Norwegian energy agency warns high prices could last until next winter

High energy prices which are driving up living costs in Norwegian homes could persist through next winter, the Norwegian Water Resources and Energy Directorate (NVE) warned on Monday. The government should be prepared to extend economic relief, the agency said.

Lighting and heating homes in Norway could remain costly throughout 2022.
Lighting and heating homes in Norway could remain costly throughout 2022. Photo by Sara Kurfeß on Unsplash

High energy prices in Norway are likely to continue through the end of this year, NVE director for energy and concessions Inga Nordberg said on Monday in an interview with broadcaster NRK.

“What we are seeing is that you should be prepared for high prices at a much higher level than we are used to. Not just this winter but also in the summer and possibly next winter,” Nordberg said.

Although energy prices normally fall in spring and are also expected to do so in 2022, the most likely scenario is that they will remain high throughout the year, the department director said.

Households should be prepared for “close to winter prices in the summer”, she said.

The prognosis for high energy prices in the medium term remains uncertain, however. It is primarily affected by two factors in Norway: gas prices and the level of rain and snowfall.

The current security situation in Ukraine makes the former factor uncertain, while snow levels in the mountains are currently low although that “can change quickly”, Nordberg said.

The government last month said it would further increase a subsidy for energy bills, updating a package brought in December which saw the state pick up 55 percent of household bills when the spot price, the cost of raw energy firms pay, rises above 70 øre per kilowatt hour.

The opposition and critics subsequently said that the scheme wasn’t enough before the government said it would cover 80 percent of electricity bills, subject to a vote in parliament.

The scheme, which began in December 2021 and will run until March of this year.

Asked whether the government should consider extending it, Nordberg told NRK “I think it is natural that is one of the things we should look at in future”.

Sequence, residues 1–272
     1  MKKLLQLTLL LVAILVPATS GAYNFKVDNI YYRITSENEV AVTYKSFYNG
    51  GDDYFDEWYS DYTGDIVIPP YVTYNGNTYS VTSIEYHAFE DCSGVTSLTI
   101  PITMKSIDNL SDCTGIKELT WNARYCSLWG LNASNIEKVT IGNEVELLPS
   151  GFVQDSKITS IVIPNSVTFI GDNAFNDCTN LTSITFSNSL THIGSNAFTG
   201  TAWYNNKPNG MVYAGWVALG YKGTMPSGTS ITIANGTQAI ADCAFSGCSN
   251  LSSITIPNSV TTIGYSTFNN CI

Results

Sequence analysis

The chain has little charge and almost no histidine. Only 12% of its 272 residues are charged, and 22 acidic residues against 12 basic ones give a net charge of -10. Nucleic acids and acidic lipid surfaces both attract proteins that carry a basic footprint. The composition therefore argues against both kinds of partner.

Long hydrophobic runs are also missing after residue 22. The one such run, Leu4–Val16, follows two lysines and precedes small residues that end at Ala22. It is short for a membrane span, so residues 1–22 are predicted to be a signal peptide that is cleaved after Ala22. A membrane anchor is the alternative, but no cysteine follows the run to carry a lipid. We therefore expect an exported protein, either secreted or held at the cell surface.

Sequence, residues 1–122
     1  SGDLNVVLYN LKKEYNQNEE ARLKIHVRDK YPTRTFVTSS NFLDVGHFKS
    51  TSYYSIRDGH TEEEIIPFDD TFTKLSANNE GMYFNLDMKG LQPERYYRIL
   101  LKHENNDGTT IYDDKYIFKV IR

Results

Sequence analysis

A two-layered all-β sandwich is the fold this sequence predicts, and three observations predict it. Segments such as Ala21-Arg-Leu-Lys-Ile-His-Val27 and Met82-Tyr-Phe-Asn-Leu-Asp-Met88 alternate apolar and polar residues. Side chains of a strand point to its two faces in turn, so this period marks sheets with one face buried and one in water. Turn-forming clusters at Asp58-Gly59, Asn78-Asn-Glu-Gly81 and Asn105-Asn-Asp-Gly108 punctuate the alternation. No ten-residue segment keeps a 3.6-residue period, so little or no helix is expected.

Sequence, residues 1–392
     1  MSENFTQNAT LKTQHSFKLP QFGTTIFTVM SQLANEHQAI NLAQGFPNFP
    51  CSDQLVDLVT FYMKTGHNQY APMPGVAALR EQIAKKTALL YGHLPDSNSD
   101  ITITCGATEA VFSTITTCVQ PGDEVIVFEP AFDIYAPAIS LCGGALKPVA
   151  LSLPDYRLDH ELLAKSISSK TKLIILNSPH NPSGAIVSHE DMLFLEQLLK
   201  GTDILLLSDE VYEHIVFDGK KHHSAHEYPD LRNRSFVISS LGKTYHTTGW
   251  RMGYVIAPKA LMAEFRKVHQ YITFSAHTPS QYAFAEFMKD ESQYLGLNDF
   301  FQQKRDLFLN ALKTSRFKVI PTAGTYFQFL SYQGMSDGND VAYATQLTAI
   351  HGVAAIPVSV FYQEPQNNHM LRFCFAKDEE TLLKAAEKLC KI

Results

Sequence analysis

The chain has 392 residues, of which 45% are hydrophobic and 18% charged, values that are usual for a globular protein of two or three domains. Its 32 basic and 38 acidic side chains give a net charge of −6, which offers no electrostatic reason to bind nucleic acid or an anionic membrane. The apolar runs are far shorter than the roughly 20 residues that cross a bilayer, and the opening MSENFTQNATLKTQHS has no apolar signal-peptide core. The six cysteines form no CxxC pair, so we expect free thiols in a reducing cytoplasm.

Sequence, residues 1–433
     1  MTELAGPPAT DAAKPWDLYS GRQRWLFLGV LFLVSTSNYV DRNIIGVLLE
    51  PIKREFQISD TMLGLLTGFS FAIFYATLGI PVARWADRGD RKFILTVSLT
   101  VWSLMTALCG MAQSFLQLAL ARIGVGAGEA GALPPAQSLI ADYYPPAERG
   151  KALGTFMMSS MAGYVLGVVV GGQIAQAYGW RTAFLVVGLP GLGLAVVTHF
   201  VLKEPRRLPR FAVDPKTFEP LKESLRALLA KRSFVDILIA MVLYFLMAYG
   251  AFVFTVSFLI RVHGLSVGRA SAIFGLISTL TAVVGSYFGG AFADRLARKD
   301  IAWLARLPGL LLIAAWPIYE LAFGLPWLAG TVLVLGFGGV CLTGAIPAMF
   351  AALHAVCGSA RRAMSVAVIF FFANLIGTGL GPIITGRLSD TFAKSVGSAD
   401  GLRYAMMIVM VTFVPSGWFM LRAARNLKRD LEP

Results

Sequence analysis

READ ALSO: What times of day should you avoid using electricity in Norway?

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ENERGY: What Norway’s new grid rent model means for you

A new model for grid rent, the fee you pay the network for powering your home, will be adopted in Norway later this year. So, what will it mean for you, and will it help slash your energy bills? 

ENERGY: What Norway's new grid rent model means for you

Following a six month postponement, a new gird rent system will be adopted nationwide in July, the Norwegian government has announced

Grid rent is the charge consumers pay for receiving electricity into their homes. Under the current model, grid rent is typically anywhere between 20 to 50 øre per kilowatt-hour. Those in rural areas usually pay more, while those in cities pay less.

The new model will have a lower fixed proportion of the fee with a higher part of the charge linked to total consumption, meaning homes that use more power will pay higher grid rent, while those that consume less will have lower bills. 

The new model has been welcomed by the Norwegian Housing Association (NBBL). 

“Now we get a fairer grid rent, where those who load the power grid the most so that the need for development increases, pay somewhat more in fixed terms than those who use little electricity at the same time,” Bård Folke Fredriksen, CEO of the NBBL, told newswire NTB. 

“No one wants to pay for the neighbour to charge two electric cars simultaneously during the day, when it is entirely possible to charge slowly at night when there is good capacity in the power grid,” he added. 

Initially, the model was meant to be adopted in the new year, but a majority in parliament opted to delay the scheme’s introduction. 

“The goal of the new grid rental model is to facilitate the best possible utilisation of the transmission network and a more equitable distribution of costs between customers,” Minister of Petroleum Terje Aasland said in a government statement.

The government has said that, over time, the scheme would lead to lower grid rent for customers. 

“Power-based grid rental will provide incentives for efficient grid utilisation, which will result in lower grid costs for electricity customers, less encroachment on nature and fewer conflicts related to grid development,” Aasland said. 

A transition period of two years will be introduced, and the new consumption charge will only be allowed to account for 50 percent of grid companies’ revenues. The energy ministry will then assess the new model at the end of the transition peroid.